course.

“O, say, is there a star above,
Like the low, swees voice of one you love?”

Inere is no faculty I possess with which I would not part, rather than relinquish the high satisfaction which music affords. Gladly would I open these sealed orbs, and look out upon the vast, magnificent universe ; but I would not accept so great a boon, if it must be obtained at the sacrifice of the deep delight, of the inexpressible joy, of the unutterable happiness, which music alone can impart.

MRS. S. I DE KROYFT.

“The darksome pines that o'er your rocks reclined,
Wave high, and murmur to the hollow wind,
The wandering streams, that shine between the hilla
The grots that echo to the tinkling rills,
The dying gales that pant upon the trees,
The lakes that quiver to the curling breeze;
No more these scenes my meditation aid,
Or lull to rest the visionary maid:
But o'er the twilight groves and dusky caves,
Long-sounding aisles, and intermingled graves,
Black melancholy sits, and round her throws,
A death-like silence, and a dread repose;
Her gloomy presence saddens all the scene,
Shades every flower, darkens every green,
Deepens the murmur of the falling floods,
And breathes a browner horror on the woods."

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In the preceding biographical sketches, it has beer our uniform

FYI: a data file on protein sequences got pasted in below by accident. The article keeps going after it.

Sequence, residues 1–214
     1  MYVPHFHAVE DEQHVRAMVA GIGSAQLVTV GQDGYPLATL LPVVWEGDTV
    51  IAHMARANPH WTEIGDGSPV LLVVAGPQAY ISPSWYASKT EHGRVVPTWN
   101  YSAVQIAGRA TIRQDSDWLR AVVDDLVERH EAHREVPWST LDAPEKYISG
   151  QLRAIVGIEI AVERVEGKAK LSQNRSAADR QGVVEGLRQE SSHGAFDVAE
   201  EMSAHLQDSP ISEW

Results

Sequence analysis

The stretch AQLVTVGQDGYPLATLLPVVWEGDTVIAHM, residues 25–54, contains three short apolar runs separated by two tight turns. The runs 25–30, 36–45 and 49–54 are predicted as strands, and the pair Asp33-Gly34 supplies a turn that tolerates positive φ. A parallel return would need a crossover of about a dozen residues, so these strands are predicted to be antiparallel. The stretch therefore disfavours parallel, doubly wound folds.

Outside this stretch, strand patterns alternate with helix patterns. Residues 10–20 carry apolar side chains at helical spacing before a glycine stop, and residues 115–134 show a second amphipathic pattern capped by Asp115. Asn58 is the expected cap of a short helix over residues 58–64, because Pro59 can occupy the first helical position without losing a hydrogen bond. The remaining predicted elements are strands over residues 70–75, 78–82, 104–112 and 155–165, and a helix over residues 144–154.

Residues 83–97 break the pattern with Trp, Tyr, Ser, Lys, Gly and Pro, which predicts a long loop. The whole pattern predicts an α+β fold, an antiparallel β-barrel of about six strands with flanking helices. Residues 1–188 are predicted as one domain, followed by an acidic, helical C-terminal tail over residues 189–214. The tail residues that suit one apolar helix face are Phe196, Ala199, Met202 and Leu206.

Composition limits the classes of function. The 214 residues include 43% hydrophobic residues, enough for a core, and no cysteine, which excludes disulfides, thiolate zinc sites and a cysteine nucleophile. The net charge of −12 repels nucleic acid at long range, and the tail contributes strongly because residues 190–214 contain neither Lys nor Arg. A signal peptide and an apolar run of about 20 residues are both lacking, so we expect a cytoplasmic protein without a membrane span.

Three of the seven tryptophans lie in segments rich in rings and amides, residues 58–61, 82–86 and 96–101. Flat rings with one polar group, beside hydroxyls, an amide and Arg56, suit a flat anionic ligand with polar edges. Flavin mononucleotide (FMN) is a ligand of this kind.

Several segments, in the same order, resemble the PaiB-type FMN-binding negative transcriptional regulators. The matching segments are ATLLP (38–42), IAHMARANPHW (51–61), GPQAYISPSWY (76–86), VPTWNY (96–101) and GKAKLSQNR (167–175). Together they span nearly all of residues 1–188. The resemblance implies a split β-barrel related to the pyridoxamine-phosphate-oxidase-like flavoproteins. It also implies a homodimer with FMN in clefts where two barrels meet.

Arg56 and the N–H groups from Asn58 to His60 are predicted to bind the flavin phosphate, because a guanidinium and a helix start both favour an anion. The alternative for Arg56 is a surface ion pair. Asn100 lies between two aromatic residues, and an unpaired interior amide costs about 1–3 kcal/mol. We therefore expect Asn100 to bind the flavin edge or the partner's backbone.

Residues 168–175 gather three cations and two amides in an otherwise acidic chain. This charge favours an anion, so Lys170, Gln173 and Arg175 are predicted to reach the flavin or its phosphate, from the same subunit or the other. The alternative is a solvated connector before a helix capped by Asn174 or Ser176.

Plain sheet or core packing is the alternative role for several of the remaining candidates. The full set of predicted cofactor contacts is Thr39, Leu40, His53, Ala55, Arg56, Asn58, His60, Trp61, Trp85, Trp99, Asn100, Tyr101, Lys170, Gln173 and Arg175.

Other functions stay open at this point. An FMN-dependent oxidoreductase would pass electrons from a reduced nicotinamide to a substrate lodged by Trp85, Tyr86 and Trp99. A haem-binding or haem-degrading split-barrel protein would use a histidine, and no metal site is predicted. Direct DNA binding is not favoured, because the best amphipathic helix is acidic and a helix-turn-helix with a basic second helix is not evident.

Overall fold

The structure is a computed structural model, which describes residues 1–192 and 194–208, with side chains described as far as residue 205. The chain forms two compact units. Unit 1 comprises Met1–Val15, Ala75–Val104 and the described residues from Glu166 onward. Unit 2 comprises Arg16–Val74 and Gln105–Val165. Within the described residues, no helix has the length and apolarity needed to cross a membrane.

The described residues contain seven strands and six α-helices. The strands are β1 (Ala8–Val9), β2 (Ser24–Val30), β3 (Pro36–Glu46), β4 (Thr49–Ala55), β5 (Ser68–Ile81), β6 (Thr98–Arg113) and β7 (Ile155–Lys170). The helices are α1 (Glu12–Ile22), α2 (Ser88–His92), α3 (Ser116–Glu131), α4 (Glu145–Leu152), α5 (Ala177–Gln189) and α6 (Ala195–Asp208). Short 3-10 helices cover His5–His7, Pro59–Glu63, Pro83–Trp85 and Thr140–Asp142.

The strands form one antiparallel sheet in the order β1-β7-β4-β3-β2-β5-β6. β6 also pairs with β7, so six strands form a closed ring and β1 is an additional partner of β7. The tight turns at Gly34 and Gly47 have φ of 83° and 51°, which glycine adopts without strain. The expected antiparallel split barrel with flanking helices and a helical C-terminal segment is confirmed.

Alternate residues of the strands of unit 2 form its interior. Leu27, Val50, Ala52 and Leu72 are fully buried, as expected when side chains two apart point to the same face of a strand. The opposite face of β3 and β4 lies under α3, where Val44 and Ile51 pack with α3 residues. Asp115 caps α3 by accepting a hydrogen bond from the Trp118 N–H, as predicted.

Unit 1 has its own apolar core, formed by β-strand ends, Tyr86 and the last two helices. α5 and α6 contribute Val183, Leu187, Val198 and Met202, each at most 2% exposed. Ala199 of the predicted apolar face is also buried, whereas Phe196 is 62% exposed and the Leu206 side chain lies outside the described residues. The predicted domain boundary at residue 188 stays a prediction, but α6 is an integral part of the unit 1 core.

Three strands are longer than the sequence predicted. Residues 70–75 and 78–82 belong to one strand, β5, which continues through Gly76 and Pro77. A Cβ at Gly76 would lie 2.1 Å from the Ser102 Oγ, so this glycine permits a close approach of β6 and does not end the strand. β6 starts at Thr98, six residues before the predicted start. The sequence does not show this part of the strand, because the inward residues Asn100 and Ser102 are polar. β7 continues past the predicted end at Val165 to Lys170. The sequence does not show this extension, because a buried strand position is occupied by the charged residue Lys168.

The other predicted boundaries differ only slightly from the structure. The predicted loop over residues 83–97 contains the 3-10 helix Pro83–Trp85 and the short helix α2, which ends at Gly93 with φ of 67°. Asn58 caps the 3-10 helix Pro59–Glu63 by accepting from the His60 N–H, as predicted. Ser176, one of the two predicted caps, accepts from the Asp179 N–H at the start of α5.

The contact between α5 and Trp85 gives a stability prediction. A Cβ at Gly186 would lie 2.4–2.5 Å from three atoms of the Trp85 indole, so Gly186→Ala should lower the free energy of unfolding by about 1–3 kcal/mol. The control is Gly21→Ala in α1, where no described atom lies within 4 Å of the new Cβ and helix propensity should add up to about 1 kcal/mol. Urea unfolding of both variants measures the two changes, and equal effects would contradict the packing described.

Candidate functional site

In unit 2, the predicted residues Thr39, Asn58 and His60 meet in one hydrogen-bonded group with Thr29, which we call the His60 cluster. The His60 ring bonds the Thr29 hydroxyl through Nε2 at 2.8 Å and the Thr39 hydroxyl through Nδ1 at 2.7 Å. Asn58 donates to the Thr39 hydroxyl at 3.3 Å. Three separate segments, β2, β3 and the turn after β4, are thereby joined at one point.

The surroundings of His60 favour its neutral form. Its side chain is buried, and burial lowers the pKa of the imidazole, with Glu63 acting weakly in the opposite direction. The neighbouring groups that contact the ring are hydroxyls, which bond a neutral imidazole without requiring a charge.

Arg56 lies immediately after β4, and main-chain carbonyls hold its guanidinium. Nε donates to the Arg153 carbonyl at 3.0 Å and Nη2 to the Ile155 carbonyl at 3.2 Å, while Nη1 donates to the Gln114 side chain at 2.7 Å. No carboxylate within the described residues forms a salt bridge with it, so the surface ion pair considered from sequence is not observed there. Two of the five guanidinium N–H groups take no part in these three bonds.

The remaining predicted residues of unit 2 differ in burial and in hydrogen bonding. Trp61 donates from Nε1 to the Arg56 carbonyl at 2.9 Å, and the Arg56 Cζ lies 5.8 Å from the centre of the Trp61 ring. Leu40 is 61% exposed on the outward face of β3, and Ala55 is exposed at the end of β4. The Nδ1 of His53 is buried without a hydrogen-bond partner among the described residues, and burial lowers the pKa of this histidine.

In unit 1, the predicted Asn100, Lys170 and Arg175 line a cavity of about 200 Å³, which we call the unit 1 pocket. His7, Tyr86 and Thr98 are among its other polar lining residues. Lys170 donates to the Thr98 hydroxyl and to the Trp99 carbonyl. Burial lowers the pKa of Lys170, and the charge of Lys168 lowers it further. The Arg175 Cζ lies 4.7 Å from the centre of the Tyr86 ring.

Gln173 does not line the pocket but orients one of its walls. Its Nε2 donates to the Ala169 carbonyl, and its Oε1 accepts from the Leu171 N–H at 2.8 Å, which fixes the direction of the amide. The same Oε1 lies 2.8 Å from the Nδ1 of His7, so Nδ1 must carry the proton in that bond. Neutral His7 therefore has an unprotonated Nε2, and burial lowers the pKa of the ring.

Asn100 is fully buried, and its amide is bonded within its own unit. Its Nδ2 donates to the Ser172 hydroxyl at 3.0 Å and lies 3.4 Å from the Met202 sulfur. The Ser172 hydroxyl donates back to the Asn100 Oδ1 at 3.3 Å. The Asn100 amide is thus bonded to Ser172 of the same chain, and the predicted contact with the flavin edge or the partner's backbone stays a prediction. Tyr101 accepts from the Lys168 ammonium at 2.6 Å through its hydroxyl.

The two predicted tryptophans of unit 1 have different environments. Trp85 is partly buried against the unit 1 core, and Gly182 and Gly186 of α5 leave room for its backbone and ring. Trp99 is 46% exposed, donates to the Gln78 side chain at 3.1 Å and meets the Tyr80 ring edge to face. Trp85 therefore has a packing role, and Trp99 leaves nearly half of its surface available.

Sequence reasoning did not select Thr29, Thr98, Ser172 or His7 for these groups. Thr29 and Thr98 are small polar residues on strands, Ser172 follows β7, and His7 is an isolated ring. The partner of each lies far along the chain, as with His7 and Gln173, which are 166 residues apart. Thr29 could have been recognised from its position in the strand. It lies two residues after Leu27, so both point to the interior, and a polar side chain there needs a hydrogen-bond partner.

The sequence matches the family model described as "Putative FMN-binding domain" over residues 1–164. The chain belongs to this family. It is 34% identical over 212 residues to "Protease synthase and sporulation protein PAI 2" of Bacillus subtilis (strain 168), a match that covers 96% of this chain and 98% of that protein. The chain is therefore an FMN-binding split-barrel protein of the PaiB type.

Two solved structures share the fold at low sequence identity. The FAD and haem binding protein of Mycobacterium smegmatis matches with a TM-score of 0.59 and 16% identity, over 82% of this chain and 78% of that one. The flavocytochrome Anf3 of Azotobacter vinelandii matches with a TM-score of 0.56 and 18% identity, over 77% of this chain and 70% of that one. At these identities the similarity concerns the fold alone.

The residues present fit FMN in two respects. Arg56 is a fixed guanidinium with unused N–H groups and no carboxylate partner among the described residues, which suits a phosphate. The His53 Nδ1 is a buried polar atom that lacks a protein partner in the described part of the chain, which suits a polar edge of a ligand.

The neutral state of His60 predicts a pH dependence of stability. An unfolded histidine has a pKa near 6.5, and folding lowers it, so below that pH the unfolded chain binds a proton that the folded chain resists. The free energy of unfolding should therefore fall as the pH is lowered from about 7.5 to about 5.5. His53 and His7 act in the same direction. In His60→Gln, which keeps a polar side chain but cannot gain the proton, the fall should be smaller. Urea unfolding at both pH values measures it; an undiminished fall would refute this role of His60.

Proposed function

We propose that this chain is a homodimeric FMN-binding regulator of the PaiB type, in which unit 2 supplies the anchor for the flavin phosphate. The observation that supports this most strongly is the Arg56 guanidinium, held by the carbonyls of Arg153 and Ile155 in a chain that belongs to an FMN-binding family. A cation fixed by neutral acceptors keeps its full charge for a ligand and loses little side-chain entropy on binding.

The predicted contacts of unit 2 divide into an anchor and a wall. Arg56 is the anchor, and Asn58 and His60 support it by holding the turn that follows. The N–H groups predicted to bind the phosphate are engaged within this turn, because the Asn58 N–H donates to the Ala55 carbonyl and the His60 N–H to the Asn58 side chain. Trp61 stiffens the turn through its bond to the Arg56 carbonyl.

purpose to collect all the authentic sta tistics, relative to the lives of our authors, we could find in either European or American literature, and form a chain of events, interspersed with such original remarks as the occasion and our own experience under similar circumstances, seemed to suggest.

But in noticing our present authoress, having been unable to procure any accounts of her strangely eventful and interesting history, save those she has given to the public in her beautiful and universally

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admired volume, entitled, “A Place in Thy Memory," we deem it proper to digress from our former rule, and give them principally in her own language and connection.

The beautiful metaphoric drapery thrown around these references to her life and misfortunes, and the simple, natural, and deeply feeling manner in which she tells her tale of woe, form paragraphs so sacred that it seems like ruthless sacrilege to divest them of their original attire.

The following tender and pathetic lines, that must move every reader to tears, susceptible in the slightest degree to feel for others' woes, serve us as a partial introduction to her history:

ROCHESTER, October, 1846. “ DEAR CLARA :— 'Tis autumn, and to-day the winds rowl mournfully among the trees. Four long weeks ( have been pillowed on a sick couch, and though with much of its drapery around me, I can to-day sit in an easy chair. Fever still burns on my cheeks, and my brow is pressed with throbbing pain. Last

iny night they fed me opium, and I slept a pleasant sleep. I dreamed of other days. I thought that we again, arm in arm, paced the halls of the old seminary, and talked confidingly of bright realities in the future. The chime of the welcome school-bell again rang in my ears, and I heard the halls echo with the familiar tread of many feet, and mingling voices, all buoyant with hope and love. This morning, I engaged a